This term (Verfremdungseffekt) was introduced by Bertolt Brecht to refer to the aim of preventing the audience from reacting to the characters in a play without being aware of it. The fictional nature of stage action is highlighted and the audience is invited to question their emotional reaction to it. In this way the audience becomes witness not only to what is happening in the play, but also to themselves. We can become very involved in our stories, to the point that we are driven by the role we play in them and lose the bigger picture. Can we look at them as an outside witness to gain greater awareness and freedom?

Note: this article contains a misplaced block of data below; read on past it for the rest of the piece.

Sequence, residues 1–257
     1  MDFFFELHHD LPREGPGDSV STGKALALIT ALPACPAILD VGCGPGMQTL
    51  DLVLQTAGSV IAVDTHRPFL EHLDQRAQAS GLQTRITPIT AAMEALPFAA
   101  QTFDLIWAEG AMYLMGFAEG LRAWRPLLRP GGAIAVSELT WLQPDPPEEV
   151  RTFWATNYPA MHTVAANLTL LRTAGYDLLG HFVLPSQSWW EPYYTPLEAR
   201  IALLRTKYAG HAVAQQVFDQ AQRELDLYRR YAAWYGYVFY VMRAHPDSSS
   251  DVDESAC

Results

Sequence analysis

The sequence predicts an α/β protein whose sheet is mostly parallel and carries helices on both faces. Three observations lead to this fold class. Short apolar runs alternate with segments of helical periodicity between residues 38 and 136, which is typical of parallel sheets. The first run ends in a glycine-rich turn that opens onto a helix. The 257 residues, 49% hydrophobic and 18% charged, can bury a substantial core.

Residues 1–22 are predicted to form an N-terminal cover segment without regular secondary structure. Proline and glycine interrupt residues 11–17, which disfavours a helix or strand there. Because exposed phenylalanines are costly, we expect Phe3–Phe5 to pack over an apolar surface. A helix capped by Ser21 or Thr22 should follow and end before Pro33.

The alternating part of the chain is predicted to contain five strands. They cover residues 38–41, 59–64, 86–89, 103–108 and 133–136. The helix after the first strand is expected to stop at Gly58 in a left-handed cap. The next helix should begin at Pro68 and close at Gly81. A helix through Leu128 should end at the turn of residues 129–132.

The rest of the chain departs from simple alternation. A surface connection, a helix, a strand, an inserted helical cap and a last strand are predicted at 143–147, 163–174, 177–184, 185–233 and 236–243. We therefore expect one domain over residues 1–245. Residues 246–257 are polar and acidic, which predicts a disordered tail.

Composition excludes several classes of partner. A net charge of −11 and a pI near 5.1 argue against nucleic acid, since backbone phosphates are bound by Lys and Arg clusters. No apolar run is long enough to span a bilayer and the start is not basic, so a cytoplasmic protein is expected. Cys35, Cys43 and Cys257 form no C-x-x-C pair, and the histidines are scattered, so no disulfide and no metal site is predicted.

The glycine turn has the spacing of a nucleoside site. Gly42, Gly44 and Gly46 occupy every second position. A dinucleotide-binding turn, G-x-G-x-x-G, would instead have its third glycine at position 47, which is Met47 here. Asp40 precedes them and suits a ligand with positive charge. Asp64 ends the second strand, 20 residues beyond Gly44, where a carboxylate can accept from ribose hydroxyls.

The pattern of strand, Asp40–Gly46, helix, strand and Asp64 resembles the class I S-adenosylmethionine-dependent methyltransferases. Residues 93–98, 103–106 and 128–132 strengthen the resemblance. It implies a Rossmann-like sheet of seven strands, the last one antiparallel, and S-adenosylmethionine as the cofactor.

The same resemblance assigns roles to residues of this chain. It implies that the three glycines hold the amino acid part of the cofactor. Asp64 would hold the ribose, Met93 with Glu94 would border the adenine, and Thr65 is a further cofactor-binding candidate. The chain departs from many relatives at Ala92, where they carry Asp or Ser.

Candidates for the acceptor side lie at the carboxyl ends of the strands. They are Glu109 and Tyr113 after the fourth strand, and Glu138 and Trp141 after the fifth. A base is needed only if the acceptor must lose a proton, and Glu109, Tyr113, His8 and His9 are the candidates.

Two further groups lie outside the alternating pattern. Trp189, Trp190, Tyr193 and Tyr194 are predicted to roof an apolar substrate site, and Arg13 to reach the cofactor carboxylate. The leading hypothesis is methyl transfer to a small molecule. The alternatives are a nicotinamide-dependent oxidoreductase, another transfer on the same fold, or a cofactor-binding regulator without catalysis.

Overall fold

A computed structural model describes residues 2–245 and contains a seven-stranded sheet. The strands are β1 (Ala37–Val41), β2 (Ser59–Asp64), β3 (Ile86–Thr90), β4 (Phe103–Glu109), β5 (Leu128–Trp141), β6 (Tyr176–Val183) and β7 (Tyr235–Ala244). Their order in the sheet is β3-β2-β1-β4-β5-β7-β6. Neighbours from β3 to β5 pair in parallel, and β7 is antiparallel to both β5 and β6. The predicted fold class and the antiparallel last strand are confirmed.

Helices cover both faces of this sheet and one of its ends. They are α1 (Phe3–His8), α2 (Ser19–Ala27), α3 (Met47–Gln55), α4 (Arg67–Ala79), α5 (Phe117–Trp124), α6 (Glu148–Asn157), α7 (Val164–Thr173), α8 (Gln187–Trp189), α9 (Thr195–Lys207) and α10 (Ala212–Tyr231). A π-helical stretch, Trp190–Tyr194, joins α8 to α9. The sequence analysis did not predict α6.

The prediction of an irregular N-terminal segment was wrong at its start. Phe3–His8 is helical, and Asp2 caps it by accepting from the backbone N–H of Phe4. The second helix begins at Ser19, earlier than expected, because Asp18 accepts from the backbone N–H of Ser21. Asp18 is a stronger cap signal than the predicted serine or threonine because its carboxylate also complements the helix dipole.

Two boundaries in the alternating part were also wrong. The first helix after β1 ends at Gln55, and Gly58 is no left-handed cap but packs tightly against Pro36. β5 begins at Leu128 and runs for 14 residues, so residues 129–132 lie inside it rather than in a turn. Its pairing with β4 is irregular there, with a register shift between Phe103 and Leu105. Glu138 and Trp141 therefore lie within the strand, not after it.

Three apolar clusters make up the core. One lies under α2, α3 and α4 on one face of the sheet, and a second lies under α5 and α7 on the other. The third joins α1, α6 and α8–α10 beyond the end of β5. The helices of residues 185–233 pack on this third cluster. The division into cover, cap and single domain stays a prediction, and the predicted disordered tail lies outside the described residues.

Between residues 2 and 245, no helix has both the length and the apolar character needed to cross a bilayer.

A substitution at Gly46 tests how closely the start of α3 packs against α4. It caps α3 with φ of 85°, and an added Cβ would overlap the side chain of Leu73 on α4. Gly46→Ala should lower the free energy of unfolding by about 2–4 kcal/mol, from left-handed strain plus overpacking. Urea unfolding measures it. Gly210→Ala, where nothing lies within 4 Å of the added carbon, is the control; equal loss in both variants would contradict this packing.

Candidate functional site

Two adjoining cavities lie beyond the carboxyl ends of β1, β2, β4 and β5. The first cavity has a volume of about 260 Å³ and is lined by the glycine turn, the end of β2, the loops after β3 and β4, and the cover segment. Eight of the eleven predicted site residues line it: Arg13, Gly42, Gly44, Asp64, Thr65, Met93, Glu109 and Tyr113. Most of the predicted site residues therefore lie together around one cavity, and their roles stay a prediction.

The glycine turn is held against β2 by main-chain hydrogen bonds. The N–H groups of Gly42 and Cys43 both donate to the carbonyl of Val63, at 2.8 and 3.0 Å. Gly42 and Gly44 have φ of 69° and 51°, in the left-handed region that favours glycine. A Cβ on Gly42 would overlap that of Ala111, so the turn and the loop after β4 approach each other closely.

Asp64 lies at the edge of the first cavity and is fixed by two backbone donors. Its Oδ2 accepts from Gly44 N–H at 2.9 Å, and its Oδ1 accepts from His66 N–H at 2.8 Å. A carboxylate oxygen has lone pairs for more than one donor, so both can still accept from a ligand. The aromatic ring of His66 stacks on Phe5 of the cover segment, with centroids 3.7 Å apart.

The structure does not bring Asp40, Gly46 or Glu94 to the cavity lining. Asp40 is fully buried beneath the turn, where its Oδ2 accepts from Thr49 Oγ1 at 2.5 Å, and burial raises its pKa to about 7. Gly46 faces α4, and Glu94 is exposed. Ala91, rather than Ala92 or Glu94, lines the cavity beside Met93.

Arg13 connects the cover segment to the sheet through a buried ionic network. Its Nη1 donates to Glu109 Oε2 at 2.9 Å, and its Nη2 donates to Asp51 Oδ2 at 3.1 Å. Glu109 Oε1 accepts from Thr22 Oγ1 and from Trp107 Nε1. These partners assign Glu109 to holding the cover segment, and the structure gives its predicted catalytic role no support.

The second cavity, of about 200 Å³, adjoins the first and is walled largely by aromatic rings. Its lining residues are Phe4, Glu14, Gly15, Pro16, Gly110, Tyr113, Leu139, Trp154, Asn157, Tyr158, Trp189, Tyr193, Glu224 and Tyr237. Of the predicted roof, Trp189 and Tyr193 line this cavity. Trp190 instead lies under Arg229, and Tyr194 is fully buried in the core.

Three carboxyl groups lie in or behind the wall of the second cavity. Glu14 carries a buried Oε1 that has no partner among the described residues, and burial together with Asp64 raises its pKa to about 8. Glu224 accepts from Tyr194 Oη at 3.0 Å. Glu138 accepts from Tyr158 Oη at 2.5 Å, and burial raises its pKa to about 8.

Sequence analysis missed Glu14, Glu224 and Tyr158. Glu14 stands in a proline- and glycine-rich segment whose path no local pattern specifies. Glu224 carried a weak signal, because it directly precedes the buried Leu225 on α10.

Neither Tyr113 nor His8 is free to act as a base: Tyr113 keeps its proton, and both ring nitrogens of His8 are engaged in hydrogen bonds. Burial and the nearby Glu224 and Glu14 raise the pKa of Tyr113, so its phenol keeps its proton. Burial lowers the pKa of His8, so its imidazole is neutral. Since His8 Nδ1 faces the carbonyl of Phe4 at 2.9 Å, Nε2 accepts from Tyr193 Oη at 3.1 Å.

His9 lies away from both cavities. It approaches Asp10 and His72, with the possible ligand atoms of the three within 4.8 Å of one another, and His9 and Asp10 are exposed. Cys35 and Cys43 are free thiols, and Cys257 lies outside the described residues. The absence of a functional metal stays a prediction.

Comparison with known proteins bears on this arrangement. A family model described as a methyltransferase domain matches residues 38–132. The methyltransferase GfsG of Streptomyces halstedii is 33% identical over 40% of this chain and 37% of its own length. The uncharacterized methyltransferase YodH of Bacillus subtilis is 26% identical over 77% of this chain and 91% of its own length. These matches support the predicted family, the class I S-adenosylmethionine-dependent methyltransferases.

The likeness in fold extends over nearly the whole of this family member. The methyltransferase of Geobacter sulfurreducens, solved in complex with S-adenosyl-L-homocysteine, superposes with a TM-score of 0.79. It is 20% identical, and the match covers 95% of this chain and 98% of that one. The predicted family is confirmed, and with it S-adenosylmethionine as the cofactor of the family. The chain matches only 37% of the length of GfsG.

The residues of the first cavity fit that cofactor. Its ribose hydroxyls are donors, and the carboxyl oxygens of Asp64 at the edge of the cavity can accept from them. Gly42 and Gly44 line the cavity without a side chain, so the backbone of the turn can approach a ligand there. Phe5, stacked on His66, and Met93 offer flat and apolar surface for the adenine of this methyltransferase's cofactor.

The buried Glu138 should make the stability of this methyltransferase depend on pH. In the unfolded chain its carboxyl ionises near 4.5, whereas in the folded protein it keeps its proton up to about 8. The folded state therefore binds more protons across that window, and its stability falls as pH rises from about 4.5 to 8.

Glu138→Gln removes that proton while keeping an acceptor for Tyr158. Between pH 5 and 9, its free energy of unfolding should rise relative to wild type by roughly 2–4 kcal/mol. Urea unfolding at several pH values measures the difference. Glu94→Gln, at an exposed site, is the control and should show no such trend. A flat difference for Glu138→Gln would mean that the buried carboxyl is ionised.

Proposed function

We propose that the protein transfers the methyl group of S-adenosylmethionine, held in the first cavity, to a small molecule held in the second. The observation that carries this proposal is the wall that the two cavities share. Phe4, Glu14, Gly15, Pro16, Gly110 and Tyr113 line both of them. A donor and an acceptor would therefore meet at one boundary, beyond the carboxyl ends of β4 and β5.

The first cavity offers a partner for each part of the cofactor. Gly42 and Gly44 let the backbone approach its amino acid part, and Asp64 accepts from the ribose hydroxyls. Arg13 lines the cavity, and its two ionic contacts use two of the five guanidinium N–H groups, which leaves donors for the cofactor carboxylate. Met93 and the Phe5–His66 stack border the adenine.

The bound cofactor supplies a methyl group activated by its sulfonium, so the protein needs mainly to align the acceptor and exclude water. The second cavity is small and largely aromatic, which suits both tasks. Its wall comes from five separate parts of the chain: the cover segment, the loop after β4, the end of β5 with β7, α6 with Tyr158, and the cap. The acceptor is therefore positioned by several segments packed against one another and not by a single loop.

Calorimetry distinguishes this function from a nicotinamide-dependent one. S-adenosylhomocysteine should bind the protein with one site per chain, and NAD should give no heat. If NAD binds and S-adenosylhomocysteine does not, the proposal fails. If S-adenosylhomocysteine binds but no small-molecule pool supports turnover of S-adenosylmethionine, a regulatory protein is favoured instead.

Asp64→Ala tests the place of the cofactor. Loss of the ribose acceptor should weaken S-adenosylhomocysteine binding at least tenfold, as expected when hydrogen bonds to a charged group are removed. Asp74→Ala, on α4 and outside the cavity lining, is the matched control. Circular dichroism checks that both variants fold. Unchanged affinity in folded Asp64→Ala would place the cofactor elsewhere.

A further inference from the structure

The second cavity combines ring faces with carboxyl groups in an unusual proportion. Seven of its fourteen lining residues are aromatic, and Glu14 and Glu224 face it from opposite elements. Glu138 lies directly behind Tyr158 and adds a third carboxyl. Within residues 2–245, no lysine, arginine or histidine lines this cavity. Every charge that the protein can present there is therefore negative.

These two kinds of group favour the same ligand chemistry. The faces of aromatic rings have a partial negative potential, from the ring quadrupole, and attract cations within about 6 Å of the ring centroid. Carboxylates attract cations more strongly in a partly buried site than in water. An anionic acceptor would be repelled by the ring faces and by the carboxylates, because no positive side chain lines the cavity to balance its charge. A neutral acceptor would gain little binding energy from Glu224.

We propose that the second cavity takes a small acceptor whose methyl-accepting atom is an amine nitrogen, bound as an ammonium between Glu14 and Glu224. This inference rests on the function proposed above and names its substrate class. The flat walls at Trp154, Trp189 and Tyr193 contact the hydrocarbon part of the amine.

Without an audience there can simply be no performance. Do we sometimes feel the same about our lives? Does every moment count even if there’s nobody to witness it? An intense use of social media to make our lives public might suggest that we’re depending a lot on an outside eye. In his poem Leap before you Look, W. H. Auden says that “to rejoice when no one else is there is even harder than it is to weep”. Judging by the kind of experiences that are shared most online, he would be right. Can we be our own audience and make every moment of our lives relevant, regardless of being alone, by being present?